Diabetes is very serious condition that has great impact on our society. A study by the American Diabetes Association estimated the 2012 cost of diabetes at 245 billion. Of the 245 billion, 176 billion was for direct medical costs and another 69 billion is related to lost productivity.
Diabetes typically is classified as Type I (insulin dependent) and Type II (non-insulin dependent). It is estimated that approximately 3 million Americans have Type I diabetes and 27 million Americans are diagnosed diabetes with Type II, which gives us an estimated population of 30 million citizens currently living with Diabetes.
As a medical practitioner, I can verify the growing epidemic diabetes is in our society. On any given day I would say I usually have at least one diabetic patient, and based on the above numbers and my experience the large majority is Type II diabetes. So what can we do?
The research is very clear about the best ways to manage your diabetes, diet, exercise and medication.
1) A proper diet will help control blood sugars and control weight, see a registered dietitian for a more individualized plan that will meet your specific needs.
2) Exercise improves the cells sensitivity to insulin, meaning the cells can more readily utilize the available insulin to take up blood glucose. If blood glucose levels get too high it is damaging to the organs. Aside from improving the cells sensitivity exercise will also help decreased blood pressure, decrease cholesterol, and control weight; all of which are common co-morbidities.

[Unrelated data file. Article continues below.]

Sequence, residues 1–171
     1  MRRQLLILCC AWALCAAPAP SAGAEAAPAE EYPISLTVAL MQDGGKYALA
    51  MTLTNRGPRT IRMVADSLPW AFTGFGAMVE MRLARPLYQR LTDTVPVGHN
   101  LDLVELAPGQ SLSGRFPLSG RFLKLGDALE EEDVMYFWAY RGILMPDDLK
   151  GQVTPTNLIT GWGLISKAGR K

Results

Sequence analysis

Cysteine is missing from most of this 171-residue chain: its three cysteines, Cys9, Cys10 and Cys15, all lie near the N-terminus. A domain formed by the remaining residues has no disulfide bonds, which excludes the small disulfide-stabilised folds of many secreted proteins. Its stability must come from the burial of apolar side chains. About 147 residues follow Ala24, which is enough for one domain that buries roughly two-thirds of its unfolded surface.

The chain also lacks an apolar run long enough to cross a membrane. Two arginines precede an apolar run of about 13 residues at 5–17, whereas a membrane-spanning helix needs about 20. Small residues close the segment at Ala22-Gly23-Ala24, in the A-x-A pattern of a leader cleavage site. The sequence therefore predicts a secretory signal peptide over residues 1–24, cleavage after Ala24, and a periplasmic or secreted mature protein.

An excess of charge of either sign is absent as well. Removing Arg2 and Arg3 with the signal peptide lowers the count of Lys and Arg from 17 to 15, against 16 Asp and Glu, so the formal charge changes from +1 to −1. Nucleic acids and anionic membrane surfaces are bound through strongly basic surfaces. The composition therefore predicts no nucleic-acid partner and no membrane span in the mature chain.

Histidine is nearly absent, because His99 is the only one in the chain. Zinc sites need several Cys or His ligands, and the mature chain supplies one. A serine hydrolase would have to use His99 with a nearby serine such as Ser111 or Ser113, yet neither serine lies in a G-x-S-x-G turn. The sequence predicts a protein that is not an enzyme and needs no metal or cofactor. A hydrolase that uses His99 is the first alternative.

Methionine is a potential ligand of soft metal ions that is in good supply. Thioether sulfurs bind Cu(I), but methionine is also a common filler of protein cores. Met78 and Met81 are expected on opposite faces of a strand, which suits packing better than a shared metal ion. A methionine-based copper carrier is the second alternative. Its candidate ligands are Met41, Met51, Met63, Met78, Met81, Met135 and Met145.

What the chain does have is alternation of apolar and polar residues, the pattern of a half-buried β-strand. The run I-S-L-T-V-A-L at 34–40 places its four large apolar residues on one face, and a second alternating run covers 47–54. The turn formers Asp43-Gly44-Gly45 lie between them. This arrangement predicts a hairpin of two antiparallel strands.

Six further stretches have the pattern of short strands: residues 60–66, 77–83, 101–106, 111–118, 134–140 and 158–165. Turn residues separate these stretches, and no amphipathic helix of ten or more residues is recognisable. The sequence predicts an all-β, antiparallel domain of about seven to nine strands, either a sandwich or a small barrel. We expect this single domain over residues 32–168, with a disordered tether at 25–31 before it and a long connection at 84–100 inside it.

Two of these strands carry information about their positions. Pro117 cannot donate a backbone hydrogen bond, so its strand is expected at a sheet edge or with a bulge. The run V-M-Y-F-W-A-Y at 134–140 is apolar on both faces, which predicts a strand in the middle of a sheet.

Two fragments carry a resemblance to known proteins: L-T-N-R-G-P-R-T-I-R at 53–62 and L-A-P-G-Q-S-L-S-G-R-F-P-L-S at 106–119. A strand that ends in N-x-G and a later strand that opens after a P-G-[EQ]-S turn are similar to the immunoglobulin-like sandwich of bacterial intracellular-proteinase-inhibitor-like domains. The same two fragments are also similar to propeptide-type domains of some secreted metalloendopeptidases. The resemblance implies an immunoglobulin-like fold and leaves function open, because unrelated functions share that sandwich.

3) Lastly medications can and will be used, for which please consult with your physician.
Vita Physical Therapy and Fitness offers Medically Based Fitness, a program designed to help address issues listed above. Our staff of trained professionals will work together with you and the rest of your medical providers to establish a safe and effective program and move you towards your goals. Particularly with Type I diabetes the onset of an exercise program can trigger hypoglycemia, so it should be monitored closely at the beginning until you know how your body/blood sugars respond to exercise.
– Bradley Meyer ,DPT